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Company insight


Knowledge transfer from veterinary environment to human medicine Joints are complex movement systems that fulfil important anatomical functions. At the Medical Device Competence Center in Birmingham, Alabama, Evonik is pursuing the approach of analysing the weak points of the joint prosthesis systems already established on the market in human medicine, and developing a solution with its high- performance PEEK polymer. “Supported by the knowledge gained from our collaboration with KYON and our many years of materials expertise in polymer design, we are examining the use of VESTAKEEP in human joint prostheses to bring about a significant improvement for the patient,” explains Marc Knebel, head of the medical systems market segment at Evonik. “For example, we have learned to understand PEEK as a material component in complex joint prosthesis systems that can be integrated into existing technologies, according to the modular principle.”


Hip joint replacement operations have long been among the most standard operations. In the group of OECD countries, an average of 182 procedures were performed per 100,000 population in 2017, according to the ‘Health at a Glance 2017’ report. This figure was 30% higher than ten years earlier. The current technologies are convincing in terms of availability and reliability, as well as professional and experienced handling by orthopaedic specialists. “With our PEEK material, we believe we can extend the service life of existing hip systems and thus improve the quality of life for patients,” says Knebel.


Joint prostheses – an innovation scenario In terms of materials or functional requirements, the human hip joint prosthesis barely differs from those used in veterinary orthopaedics. Similarly, the friction partner between the head and the cup anchored in the bone is a primary weak point of current technologies. “Our tribological PEEK biomaterial could make the decisive difference in the future and extend the life of a hip prosthesis fourfold,” says Knebel. If it did, millions of patients worldwide could do without years of pain-relieving therapies.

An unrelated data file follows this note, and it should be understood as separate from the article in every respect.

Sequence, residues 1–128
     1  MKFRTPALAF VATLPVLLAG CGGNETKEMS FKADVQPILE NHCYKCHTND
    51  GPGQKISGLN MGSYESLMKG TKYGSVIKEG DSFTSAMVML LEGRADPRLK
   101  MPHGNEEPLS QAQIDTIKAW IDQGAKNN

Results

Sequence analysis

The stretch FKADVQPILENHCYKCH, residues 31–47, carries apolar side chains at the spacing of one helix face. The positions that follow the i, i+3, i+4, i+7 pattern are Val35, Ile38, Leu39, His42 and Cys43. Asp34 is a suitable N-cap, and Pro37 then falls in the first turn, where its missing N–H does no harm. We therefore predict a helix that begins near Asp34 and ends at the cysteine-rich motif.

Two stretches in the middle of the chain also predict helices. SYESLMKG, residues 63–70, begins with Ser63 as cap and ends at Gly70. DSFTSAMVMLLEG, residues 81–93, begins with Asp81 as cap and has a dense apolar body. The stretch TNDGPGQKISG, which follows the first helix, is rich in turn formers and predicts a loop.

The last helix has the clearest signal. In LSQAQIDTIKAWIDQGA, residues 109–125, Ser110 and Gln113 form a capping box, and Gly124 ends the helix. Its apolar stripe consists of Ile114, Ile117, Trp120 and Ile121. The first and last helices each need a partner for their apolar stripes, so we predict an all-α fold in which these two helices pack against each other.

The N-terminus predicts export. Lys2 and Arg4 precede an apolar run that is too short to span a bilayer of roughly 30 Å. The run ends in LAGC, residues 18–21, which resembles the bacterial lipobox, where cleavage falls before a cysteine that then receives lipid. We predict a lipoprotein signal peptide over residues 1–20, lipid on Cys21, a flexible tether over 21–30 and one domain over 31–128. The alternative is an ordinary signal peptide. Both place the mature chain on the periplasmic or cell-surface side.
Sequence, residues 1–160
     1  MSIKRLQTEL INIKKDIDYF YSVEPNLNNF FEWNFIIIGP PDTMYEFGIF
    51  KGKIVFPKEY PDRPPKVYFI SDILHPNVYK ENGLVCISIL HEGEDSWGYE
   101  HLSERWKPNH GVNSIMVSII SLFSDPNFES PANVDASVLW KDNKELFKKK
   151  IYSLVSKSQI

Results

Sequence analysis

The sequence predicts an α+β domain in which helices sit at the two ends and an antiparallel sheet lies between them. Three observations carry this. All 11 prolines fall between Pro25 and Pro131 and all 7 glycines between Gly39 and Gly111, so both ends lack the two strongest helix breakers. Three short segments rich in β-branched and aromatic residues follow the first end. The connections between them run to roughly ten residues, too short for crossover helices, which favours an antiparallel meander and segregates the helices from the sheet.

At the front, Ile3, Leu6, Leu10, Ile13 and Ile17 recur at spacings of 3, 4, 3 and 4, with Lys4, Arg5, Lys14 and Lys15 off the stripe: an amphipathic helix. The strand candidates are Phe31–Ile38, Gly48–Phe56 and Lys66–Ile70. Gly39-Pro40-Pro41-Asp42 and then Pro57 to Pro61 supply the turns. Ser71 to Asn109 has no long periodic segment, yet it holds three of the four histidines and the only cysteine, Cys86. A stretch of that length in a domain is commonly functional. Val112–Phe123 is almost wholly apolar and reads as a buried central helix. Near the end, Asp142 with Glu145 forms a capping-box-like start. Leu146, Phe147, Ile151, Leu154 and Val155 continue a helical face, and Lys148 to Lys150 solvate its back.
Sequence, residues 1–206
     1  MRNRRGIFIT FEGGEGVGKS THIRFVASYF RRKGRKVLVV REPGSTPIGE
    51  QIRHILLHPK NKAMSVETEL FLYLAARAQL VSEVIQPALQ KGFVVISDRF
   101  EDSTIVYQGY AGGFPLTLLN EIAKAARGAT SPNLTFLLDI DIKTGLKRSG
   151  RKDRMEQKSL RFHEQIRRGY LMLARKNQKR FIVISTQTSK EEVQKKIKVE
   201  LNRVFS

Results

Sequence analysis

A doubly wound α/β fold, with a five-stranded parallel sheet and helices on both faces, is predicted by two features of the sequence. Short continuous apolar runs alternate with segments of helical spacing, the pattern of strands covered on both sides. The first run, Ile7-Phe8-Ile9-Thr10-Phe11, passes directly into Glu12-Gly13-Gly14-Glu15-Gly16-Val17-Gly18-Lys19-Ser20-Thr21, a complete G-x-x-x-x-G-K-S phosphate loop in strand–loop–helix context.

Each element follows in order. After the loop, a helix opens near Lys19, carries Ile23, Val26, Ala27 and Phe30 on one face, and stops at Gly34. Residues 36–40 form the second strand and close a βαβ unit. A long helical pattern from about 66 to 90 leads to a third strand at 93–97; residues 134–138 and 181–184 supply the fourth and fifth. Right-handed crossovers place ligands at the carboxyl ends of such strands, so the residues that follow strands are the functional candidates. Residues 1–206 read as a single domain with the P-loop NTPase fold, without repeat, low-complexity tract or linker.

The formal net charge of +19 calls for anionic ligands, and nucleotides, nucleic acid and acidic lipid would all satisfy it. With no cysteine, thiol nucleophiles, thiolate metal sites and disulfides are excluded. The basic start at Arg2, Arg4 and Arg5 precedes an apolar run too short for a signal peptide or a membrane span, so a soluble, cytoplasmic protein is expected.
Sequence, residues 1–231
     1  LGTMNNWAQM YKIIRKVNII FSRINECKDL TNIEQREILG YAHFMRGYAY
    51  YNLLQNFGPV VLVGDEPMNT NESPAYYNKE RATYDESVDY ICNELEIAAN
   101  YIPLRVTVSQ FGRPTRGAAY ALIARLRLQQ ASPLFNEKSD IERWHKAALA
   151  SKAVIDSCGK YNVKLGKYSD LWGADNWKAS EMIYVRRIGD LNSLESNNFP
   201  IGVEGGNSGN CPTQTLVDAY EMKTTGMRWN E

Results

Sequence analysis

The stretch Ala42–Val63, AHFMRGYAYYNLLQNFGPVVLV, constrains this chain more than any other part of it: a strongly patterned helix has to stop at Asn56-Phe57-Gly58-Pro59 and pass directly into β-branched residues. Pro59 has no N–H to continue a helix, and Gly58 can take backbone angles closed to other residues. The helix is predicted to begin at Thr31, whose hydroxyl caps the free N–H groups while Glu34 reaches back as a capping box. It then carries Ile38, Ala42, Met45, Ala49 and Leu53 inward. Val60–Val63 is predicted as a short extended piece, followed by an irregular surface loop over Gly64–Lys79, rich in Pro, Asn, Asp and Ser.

At the Medical Device Competence Center, Birmingham, Alabama, Evonik is pursuing the approach of analysing the weak points of the joint prosthesis systems already established on the market in human medicine, and developing a solution with the high-performance PEEK polymer.


These are often necessary to reach a certain age for surgery, so the probability of a risky revision at an advanced age can be reduced.


The promising patient perspective and the success story of KYON gives Evonik’s polymer experts the necessary drive to push the PEEK biomaterial for use in human joint prostheses through all regulatory measures with potential partners. The speciality chemicals company’s determination is expressed in its close cooperation with the Massachusetts General Hospital (MGH) in Boston, US. “We draw on the expertise of medical specialists from the MGH’s globally recognised centre for knee and hip replacement, test our material for tribological properties in their professional laboratories, and receive


Medical Device Developments / www.nsmedicaldevices.com


valuable feedback that always takes us one step further,” explains Kenneth Ross, head of Evonik’s medical technology business in the US. The use of VESTAKEEP PEEK as a material component in human joint prostheses is an innovative scenario and once again demonstrates the possibilities of high-performance materials in modern medicine. If the breakthrough is successful, a new quality in the treatment of hip arthrosis would be available to human medicine. Considering the more than 300 million cases of hip and knee osteoarthritis worldwide in 2017, as published by Annals of the Rheumatic Diseases, this would be a significant medical achievement. ●


https://medical.evonik.com/en 107


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